You are here

Breast Conserving Cancer Surgery

Seventy percent of all women who are treated for early breast cancer will undergo a procedure to excise the breast cancer from the breast and conserve the breast. The procedure is often termed a lumpectomy. It involves removing the breast cancer with a surrounding margin of normal breast tissue (wide local excision).

Women that undergo breast conserving surgery will be required to have radiotherapy postoperatively.

The benefits of breast conservation are that the cancer can be removed and the breasts can be maintained. The breasts, however, postoperatively may appear slightly smaller.

A variety of techniques can be employed to improve the cosmetic outcome post wide local excision (see oncoplastic breast surgery).

Radiotherapy is given postoperatively to reduce the chance of a cancer coming back in the breast in the future.

The main advantage of breast conservation is that it is a procedure that allows a patient to maintain their breasts and keep the natural shape of the breasts. Patients are usually advised to stay overnight in hospital after the wide local excision and although the breast will look and feel different after radiotherapy and surgery, the appearance of the breasts can be maintained.

Radiotherapy will be commenced once the operative wound has healed ( usually approximately 3 weeks post surgery). Daily trips to the radiation centre are required from Monday to Friday for a 3 to 5-week period. This can have a significant impact on women who do not live close to a radiotherapy department. Dr Thornton’s team, however, can arrange accommodation for country patients during their radiotherapy treatment . It is also usually possible to schedule convenient radiotherapy appointment times to assist in particular women who have returned to work or have family committments.

As the breast is maintained, the patient will be required to have annual imaging and there is a small risk of local recurrence if the breast is maintained. This is approximately 0.5% to 1% per year. This can cause some anxiety in women. There is always the chance that further surgery may be required.

A hookwire placed under ultrasound or mammogram may be required to be preoperatively in order to guide the surgeon to the cancer. This is especially common when it is an impalpable cancer (it cannot be felt) or it is DCIS (carcinoma in situ associated with microcalcification).

Treatment for invasive breast cancer will usually also include a separate procedure to the axilla. This will be to remove some of the glands from the armpit to help determine what further cancer treatment is required post operatively This will be undertaken at the time of the excision of the breast cancer.

If the lymph glands are shown to be malignant (contain cancer cells) preoperatively an axillary lymph node dissection will be undertaken at the time of wide local excision. If there is no abnormality to the lymph glands of the armpit preoperatively (clinically with imaging or with a fine needle aspiration), a sentinel lymph node biopsy will be undertaken. This procedure involves removing the first lymph glands that drain from the breast to the axilla (see sentinel lymph node biospy).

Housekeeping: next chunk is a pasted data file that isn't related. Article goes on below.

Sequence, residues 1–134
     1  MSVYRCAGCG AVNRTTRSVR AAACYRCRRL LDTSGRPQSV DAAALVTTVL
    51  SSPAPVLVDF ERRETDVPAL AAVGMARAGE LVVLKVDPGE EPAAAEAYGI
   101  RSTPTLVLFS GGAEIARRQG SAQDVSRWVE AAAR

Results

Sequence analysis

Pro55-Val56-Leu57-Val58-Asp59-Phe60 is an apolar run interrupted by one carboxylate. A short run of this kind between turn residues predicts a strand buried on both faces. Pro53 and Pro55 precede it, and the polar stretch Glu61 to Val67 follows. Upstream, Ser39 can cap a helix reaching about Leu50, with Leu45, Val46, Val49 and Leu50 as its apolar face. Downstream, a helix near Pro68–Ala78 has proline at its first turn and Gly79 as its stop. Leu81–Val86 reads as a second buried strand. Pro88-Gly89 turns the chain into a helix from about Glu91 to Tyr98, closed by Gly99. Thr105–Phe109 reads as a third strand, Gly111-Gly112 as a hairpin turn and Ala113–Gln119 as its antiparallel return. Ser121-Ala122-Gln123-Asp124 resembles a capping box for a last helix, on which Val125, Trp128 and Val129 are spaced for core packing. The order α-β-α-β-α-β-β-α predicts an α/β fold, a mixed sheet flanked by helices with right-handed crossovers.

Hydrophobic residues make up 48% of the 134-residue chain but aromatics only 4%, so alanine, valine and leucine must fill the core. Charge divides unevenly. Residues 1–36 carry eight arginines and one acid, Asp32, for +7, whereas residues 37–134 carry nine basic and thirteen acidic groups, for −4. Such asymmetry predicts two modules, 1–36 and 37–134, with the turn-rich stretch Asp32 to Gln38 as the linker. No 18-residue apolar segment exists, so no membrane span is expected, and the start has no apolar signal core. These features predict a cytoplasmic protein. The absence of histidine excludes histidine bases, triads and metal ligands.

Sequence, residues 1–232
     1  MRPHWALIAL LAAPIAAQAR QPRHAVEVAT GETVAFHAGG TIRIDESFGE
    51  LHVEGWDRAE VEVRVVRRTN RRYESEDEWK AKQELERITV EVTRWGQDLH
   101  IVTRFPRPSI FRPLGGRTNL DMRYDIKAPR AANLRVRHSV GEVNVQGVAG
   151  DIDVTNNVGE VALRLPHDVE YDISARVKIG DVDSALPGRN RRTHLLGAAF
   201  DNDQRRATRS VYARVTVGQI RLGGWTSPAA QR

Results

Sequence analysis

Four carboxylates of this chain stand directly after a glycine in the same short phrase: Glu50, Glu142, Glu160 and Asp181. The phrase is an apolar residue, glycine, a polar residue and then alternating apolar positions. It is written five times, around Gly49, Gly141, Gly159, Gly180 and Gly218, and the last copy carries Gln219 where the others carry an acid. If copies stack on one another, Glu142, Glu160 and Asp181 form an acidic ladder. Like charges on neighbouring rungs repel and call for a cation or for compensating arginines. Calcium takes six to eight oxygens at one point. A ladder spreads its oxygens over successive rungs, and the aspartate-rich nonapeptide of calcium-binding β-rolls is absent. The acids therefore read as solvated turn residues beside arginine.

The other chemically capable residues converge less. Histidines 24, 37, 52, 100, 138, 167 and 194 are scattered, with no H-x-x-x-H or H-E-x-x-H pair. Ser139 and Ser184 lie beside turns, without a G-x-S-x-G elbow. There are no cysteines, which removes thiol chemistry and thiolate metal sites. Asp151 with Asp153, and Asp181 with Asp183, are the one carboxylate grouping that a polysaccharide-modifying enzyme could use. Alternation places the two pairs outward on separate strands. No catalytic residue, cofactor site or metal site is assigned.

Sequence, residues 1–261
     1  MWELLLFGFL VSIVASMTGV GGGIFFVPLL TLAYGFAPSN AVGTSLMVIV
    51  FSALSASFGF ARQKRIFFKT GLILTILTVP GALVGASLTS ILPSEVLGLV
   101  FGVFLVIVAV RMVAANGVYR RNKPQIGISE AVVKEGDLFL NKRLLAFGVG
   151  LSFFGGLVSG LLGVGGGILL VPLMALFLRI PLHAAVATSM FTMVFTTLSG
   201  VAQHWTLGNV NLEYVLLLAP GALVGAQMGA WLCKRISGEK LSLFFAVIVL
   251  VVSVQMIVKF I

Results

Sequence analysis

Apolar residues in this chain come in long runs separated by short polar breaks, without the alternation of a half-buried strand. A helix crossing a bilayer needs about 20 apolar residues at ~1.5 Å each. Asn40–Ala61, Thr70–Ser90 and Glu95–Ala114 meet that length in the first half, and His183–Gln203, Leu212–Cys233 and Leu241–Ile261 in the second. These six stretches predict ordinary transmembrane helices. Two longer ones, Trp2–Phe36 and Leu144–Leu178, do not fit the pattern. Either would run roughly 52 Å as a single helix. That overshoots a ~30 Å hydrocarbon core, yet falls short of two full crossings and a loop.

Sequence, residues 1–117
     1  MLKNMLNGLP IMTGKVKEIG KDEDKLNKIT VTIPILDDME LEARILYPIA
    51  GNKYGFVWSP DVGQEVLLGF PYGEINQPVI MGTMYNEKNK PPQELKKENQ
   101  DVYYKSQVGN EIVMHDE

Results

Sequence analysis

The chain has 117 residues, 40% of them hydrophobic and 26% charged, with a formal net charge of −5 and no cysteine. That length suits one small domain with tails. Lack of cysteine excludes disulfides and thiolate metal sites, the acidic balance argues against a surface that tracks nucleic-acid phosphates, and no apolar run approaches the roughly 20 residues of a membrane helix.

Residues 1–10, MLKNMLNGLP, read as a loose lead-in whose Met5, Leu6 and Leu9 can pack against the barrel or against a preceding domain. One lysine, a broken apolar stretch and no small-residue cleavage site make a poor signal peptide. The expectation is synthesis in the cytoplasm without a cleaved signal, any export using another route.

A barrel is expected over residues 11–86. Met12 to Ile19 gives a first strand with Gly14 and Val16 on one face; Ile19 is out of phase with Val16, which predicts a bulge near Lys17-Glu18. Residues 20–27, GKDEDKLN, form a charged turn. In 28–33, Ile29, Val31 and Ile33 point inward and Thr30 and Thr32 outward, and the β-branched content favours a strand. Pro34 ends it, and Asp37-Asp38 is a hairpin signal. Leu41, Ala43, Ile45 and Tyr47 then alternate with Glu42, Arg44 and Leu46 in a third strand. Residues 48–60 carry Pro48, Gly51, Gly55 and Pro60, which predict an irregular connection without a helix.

Complications of wide local excision includes infection, bleeding, haematoma (occasionally requiring return to the operating theatre), seroma ( a collection of fluid which the body produces which fills the space where the cancer has been removed and occasionally needs to be aspirated with a syringe and needle postoperatively). Changes in sensation to the nipple if the procedure is performed close to the nipple, loss ability to breastfeed if a central excision is undertaken ( a central excision involves removal of the nipple and areolar complex and or excising the breast tissue from behind the nipple and areola. It is performed for cancers which lie directly behind the nipple and areola or for Paget disease of the nipple). Cosmetic changes/cosmetic deformity to the breasts, sensory changes, and numbness over the scarring.

Patients need to be aware that there is always the chance that a return to the operating theatre to remove more breast tissue may be required if the margins are not clear at the time of lumpectomy. A xray of the breast specimen is usually undertaken during the surgery to assist in ensuring that enough tissue has been removed around the cancer. However the final decision regarding the margins is made by the specialist breast pathologist when the specimen is formally examined under the microscope, as some breast cancer s can not be felt in the specimen by the surgeon and may also not be seen on the specimen xray.

Absorbable sutures are used and a waterproof dressing is applied. The patient is usually discharged the day after the operation and is followed up within 48 hours with the final pathology.

The procedure is suitable for ladies that have small breast cancers. Multifocal breast cancer, wide spread DCIS (with or without malignant microcalcification) or large breast cancers are usually not suitable for breast conserving surgery and will require mastectomy with or without immediate reconstruction.